Each group of antennas and/or the area in which they are designated to communicate can be referred to as a sector of base station 1202. For example, antenna groups can be designed to communicate to mobile devices in a sector of the areas covered by base station 1202. In communication over forward links 1218 and 1224, the transmitting antennas of base station 1202 can utilize beamforming to improve signal-to-noise ratio of forward links 1218 and 1224 for mobile devices 1216 and 1222. Also, while base station 1202 utilizes beamforming to transmit to mobile devices 1216 and 1222 scattered randomly through an associated coverage, mobile devices in neighboring cells can be subject to less interference as compared to a base station transmitting through a single antenna to all its mobile devices. Moreover, mobile devices 1216 and 1222 can communicate directly with one another using a peer-to-peer or ad hoc technology as depicted. According to an example, system 1200 can be a multiple-input multiple-output (MIMO) communication system.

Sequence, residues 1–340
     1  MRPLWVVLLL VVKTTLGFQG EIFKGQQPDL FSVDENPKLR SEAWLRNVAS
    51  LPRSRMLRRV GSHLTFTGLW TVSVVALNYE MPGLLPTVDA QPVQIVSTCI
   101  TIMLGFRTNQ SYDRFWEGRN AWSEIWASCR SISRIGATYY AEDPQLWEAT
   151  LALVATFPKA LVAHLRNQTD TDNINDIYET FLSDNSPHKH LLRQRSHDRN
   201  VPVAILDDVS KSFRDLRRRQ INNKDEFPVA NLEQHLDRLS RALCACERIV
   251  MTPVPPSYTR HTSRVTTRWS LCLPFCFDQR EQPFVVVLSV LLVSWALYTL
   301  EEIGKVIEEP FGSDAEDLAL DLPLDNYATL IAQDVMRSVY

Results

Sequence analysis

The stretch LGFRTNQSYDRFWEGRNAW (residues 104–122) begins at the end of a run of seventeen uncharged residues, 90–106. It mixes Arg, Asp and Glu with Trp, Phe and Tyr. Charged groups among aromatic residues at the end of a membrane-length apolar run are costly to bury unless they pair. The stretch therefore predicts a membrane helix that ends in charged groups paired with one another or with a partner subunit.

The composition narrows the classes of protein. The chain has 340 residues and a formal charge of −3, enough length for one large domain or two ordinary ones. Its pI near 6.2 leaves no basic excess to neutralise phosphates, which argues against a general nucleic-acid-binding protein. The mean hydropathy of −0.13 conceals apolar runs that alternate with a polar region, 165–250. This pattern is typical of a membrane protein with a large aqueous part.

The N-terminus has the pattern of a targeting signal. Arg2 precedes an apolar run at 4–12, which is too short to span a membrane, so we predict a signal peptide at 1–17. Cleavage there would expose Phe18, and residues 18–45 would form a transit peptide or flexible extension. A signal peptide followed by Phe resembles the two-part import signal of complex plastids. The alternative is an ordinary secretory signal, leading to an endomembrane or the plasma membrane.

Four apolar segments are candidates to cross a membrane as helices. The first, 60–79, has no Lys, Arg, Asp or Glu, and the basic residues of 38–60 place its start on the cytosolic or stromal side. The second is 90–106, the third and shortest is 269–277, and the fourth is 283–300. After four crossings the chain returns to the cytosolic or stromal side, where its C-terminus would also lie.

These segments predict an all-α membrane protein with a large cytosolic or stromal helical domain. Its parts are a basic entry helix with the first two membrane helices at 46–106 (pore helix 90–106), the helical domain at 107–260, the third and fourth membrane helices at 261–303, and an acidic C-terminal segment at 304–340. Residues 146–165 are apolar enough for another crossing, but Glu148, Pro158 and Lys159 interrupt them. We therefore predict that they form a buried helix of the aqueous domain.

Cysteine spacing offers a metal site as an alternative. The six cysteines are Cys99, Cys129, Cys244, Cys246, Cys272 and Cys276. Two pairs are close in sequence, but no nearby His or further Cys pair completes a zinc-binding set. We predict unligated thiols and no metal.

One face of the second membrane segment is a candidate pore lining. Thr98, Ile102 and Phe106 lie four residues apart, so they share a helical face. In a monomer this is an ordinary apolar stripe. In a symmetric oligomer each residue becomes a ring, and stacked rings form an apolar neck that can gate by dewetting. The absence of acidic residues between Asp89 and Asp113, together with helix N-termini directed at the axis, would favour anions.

FIG. 13 shows an example wireless communication system 1300. The wireless communication system 1300 depicts one base station 1310 and one mobile device 1350 for sake of brevity. However, it is to be appreciated that system 1300 can include more than one base station and/or more than one mobile device, wherein additional base stations and/or mobile devices can be substantially similar or different from example base station 1310 and mobile device 1350 described below. In addition, it is to be appreciated that base station 1310 and/or mobile device 1350 can employ the systems (FIGS. 1-8 and 11-12) and/or methods (FIGS. 9-10) described herein to facilitate wireless communication there between. For example, components or functions of the systems and/or methods described herein can be part of a memory 1332 and/or 1372 or processors 1330 and/or 1370 described below, and/or can be executed by processors 1330 and/or 1370 to perform the disclosed functions.

At base station 1310, traffic data for a number of data streams is provided from a data source 1312 to a transmit (TX) data processor 1314. According to an example, each data stream can be transmitted over a respective antenna. TX data processor 1314 formats, codes, and interleaves the traffic data stream based on a particular coding scheme selected for that data stream to provide coded data.